• The probe’s head, former New Zealand prime minister Sir Geoffrey Palmer, spoke about its “challenging and demanding task.” [Haaretz]

• 400 children in Israel who are essentially illegal immigrants are set for deportation, provoking a strong debate in the country. [NYT]

• Their investigation of the rocket apparently launched from Sinai yesterday demonstrates that while Israeli-Jordanian diplomatic relations have been cold, military cooperation has continued. [JPost]

Sundown: But the Cheez Doodle Lives On

Plus Uncle Sam wants your Sephardic scroll, and more


• Morrie Yohai, inventor of the Cheez Doodle, died at 90. [NY Daily News]

• Charles Freeman—the onetime controversial Obama nominee—questions why most Americans accept that Israel is a valuable strategic asset to the United States.

• Efraim Karsh argues that Arab indifference to the Palestinian cause will actually prove a boon to said cause. [NYT]

• Producers of a Sundance-screened documentary about a Nazi propaganda film are protesting its R rating, which, they worry, will prevent the film from being shown in schools. [Arts Beat]

• There is only one kaffiyeh factory left in the Palestinian territories, as cheaper imports have flooded the market and put authentic purveyors out of business. [Guardian]

• The U.S. Army is looking for a few good men. Check that, it’s looking for a Sephardic Torah. [Atlantic]

Mazel tov to James Van Der Beek, who got married to his pregnant girlfriend at the Kabbalah Center of Tel Aviv. To some, he will always be Dawson, but Varsity Blues is the best project he’s been involved in.

Peres Sparks Diplomatic Incident

Charged English anti-Semitism in Tablet Magazine; now denies it

Israeli President Shimon Peres yesterday.(Khaled Desouki/AFP/Getty Images)

Shimon Peres (who turns 87 today) provoked “fury” in Great Britain for saying in a magazine interview last week that Britain has a Jew problem: “In England there has always been something deeply pro-Arab, of course, not among all Englishmen, and anti-Israeli, in the establishment,” the 87-year-old Israeli president said. He added: “There is also anti-Semitism. There is in England a saying that an anti-Semite is someone who hates the Jews more than is necessary.” Finally, he implied that some British lawmakers have turned to anti-Israel politics to appease Muslim constituents.

Do Peres’s comments sound familiar? That is because you first read them in Tablet Magazine. (Peres is also a soon-to-be Nextbook Press author.) Israeli historian Benny Morris conducted the interview; we ran it last Monday.

Last night, Peres’s office issued a statement backtracking from his comments: “President Peres never accused the British people of anti-Semitism,” it read. “The president does not believe that British governments are motivated by anti-Semitism, nor were they in the past.” UPDATE: Benny Morris stands by every word quoted in the piece, though he does not agree with the contextualization of the passages quoted in some British newspapers. Peres nowhere said to Morris, as implied by some of the British publications, that the British were an anti-Semitic people or Britain an anti-Semitic country.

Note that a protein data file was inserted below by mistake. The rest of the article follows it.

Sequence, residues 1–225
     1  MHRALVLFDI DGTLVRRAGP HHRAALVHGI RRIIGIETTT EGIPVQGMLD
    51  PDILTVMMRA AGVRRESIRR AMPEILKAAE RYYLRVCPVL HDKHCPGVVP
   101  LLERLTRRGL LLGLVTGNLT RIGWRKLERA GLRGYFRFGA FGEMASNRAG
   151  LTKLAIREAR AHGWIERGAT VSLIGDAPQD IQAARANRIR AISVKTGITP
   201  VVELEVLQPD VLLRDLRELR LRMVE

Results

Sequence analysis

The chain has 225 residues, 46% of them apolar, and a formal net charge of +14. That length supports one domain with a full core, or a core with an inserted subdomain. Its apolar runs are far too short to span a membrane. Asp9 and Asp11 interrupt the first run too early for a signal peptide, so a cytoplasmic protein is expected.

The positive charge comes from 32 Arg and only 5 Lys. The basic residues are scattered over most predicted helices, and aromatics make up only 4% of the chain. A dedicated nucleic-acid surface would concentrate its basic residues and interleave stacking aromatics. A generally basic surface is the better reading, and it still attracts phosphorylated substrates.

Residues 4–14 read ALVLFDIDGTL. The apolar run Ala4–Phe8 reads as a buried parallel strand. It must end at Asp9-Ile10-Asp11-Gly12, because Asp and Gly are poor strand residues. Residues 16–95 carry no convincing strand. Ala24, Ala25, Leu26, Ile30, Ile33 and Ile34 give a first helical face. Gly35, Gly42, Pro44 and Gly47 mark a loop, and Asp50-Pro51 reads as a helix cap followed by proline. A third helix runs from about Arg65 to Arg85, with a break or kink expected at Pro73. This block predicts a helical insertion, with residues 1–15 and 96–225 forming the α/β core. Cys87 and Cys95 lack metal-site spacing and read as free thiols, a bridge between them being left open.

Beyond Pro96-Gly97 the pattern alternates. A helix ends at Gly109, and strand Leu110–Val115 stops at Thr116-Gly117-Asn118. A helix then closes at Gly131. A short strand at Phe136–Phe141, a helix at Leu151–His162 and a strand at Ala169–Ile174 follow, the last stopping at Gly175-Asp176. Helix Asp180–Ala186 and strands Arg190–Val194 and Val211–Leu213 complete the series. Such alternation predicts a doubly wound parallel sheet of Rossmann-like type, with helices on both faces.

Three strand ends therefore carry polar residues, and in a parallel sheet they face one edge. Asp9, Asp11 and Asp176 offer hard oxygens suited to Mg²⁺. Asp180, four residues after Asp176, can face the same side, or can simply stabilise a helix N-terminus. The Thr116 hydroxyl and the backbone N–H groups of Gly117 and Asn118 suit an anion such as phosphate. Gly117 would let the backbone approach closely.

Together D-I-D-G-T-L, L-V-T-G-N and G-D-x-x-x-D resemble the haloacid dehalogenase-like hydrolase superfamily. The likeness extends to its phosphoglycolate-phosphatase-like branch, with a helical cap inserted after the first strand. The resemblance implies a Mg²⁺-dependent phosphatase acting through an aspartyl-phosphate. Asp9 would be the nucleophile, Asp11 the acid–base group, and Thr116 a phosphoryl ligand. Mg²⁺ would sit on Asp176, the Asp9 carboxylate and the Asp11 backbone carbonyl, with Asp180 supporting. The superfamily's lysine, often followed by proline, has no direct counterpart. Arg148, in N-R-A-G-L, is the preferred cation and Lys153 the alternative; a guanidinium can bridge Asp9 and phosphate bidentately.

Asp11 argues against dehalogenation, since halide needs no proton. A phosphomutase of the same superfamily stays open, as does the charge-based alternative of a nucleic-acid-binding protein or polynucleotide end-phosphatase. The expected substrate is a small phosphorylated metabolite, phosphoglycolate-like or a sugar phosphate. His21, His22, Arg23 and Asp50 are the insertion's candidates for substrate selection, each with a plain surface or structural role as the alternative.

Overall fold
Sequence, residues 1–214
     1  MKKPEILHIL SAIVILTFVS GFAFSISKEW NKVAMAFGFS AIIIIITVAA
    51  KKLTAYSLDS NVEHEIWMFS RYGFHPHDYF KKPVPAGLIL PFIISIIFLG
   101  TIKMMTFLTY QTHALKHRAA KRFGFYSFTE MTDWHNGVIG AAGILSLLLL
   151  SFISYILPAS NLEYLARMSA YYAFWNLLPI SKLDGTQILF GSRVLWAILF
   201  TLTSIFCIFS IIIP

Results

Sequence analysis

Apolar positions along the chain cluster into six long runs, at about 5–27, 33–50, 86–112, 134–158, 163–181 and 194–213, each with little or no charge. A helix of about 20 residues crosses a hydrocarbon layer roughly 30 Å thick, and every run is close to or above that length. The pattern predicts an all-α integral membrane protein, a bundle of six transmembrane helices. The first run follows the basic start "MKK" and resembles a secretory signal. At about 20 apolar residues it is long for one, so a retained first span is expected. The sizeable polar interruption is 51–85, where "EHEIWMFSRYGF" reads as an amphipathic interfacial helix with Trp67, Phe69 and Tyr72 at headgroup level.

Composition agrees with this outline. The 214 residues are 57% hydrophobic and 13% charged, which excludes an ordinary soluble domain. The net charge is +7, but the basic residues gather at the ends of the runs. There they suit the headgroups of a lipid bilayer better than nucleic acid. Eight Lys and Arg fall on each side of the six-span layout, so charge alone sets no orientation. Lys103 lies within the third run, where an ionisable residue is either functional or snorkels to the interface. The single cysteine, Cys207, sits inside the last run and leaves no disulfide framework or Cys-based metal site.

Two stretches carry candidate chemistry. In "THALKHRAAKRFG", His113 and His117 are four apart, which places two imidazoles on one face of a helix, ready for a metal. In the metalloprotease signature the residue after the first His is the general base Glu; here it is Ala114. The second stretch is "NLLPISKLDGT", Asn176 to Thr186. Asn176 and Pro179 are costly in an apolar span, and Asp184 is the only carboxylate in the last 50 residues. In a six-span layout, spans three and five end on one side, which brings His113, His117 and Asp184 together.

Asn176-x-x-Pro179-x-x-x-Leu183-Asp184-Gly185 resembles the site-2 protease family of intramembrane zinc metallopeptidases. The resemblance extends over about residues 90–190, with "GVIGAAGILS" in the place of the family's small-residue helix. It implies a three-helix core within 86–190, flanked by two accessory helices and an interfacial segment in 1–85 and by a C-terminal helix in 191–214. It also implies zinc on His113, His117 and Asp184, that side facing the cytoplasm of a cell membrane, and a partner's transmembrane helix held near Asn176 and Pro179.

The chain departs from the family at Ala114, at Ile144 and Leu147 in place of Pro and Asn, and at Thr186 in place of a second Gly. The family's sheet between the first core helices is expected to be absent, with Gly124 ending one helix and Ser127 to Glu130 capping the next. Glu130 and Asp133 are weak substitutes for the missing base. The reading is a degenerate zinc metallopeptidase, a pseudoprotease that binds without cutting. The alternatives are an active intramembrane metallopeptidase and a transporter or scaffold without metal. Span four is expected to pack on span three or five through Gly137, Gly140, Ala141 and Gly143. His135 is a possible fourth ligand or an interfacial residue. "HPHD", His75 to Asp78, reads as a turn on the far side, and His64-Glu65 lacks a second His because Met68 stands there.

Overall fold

Coincidentally, we published Peres’s remarks on the same day that British Prime Minister David Cameron told a group of Turkish businessmen that Gaza was “a prison camp,” though the actual interview took place earlier. Peres “got it wrong,” according to one Conservative lawmaker, and that appeared to be the general official sentiment (though there was also assent from other quarters).

As for that interview: Maybe it demands a fresh read now, hmm? While you are on the topic, you can check out Adam Kirsch’s review of Anthony Julius’s recent book on, yes, English anti-Semitism.

Peres Calls British ‘Anti-Israeli,’ Sees U.K. Anti-Semitism [JTA]
Fury as Israel President Claims English ‘Anti-Semitic’ [Telegraph]
Peres Denies Calling British Anti-Semites [JTA]
Related: Making History [Tablet Magazine]
Albion’s Shame [Tablet Magazine]
David Ben-Gurion [Nextbook Press]

Goldberg Accused of ‘Commentary’ Mix-Up

Laughably insists he was kidding

Contributing editor Jeffrey Goldberg.(

Last week, Salon reported that Tablet Magazine contributing editor Jeffrey Goldberg had erroneously “referred to Commentary editor John Podhoretz as ‘the editor of Mother Jones magazine.’” Mother Jones, of course, is actually quite liberal, whereas Commentary is quite, you know, not. “This,” writer Alex Pareene concluded, is “what happens when you hire a reporter who came up without proper supervision and toilet-training.” In his defense, Goldberg claims that he was joking. Should we believe him?